On Monday, movement groups will release a new policy platform amid criticism the movement is too focused on policing.
The Movement for Black Lives conglomerate will put forth a series of policy goals on Monday, framing the proposals as an end to the “war on black people.”
The platform, which is titled “A Vision For Black Lives: Policy Demands For Black Power, Freedom, and Justice,” outlines a series of very liberal proposals. The group will call for reparations; an end to the death penalty, mass incarceration, and deportations; and added rights for trans people under current civil rights protections in a new policy paper to be released Monday. Movement organizers also call for drastic changes to U.S. educational policy, including free tuition and retroactive forgiveness of federal student loans.
The group is made up of dozens of organizations around the country, including the Black Lives Matter network, Black Youth Project 100, Black Alliance for Just Immigration and Million Hoodies Movement for Justice.
In recent weeks, the movement has come under media scrutiny as a series of police deaths have posed questions about what goals activists have beyond police violence. Organizers said the policy platform offered 40 “comprehensive and visionary” policy demands beyond police killings of black people that had become the movement’s calling card.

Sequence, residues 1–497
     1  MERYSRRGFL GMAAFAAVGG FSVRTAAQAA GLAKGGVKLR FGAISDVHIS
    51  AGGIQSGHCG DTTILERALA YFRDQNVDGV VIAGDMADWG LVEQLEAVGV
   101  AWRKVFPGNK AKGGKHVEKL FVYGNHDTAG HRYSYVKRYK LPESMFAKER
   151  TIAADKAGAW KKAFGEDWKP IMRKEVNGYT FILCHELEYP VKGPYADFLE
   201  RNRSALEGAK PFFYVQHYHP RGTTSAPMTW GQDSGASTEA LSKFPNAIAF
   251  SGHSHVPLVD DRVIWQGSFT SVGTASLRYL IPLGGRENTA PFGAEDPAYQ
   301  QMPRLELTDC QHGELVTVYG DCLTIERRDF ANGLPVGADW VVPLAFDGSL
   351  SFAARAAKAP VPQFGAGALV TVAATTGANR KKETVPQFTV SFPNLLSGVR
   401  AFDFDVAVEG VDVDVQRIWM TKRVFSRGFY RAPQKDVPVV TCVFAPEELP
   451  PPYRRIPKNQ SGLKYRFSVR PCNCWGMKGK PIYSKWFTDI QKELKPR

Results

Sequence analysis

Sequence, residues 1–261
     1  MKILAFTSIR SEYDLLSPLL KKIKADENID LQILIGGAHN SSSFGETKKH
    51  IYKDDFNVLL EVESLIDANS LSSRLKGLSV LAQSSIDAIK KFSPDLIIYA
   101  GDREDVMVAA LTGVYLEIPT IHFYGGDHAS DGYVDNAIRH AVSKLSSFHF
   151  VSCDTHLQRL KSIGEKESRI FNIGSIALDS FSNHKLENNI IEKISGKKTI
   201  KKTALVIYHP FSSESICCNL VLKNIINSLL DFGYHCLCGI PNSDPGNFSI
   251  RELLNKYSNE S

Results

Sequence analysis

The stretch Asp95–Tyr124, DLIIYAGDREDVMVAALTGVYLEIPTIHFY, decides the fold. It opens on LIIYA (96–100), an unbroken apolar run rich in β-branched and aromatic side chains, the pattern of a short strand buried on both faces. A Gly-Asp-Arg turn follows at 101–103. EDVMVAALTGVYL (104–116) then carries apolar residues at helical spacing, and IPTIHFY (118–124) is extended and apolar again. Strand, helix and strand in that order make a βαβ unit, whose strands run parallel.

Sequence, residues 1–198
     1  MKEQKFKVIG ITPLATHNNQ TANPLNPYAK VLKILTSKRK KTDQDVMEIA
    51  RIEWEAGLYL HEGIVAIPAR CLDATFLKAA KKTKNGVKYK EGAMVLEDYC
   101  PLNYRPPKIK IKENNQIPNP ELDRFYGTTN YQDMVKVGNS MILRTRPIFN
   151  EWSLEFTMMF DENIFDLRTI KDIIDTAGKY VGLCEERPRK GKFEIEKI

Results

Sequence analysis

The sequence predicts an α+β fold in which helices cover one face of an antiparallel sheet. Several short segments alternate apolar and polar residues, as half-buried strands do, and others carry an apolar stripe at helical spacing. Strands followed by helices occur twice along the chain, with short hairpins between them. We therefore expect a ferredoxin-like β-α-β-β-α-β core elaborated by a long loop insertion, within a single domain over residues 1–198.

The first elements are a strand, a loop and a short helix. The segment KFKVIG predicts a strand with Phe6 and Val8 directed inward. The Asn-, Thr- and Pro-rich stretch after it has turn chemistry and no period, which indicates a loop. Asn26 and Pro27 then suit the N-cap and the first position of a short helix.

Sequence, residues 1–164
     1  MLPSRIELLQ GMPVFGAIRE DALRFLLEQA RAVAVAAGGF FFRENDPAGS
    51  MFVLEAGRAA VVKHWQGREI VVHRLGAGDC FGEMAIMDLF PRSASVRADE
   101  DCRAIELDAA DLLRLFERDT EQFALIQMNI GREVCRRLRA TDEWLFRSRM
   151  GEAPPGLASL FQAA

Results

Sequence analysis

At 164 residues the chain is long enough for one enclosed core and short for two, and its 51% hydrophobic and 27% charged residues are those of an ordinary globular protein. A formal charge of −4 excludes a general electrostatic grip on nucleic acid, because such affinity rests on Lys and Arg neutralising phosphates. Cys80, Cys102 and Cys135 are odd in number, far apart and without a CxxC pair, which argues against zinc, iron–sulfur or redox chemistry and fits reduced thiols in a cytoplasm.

“In recent years we have taken to the streets, launched massive campaigns, and impacted elections, but our elected leaders have failed to address the legitimate demands of our Movement. We can no longer wait,” a release reads.
Movement organizers said a website was on deck, featuring action items for leaders at the local, state, and federal level, including guidance for groups to act on legislation and key messages.
“We also stand with descendants of African people all over the world in an ongoing call and struggle for reparations for the historic and continuing harms of colonialism and slavery,” the statement reads. “We also recognize and honor the rights and struggle of our Indigenous family for land and self-determination.”
“We are dreamers and doers and this platform is meant to articulate some of our vision.”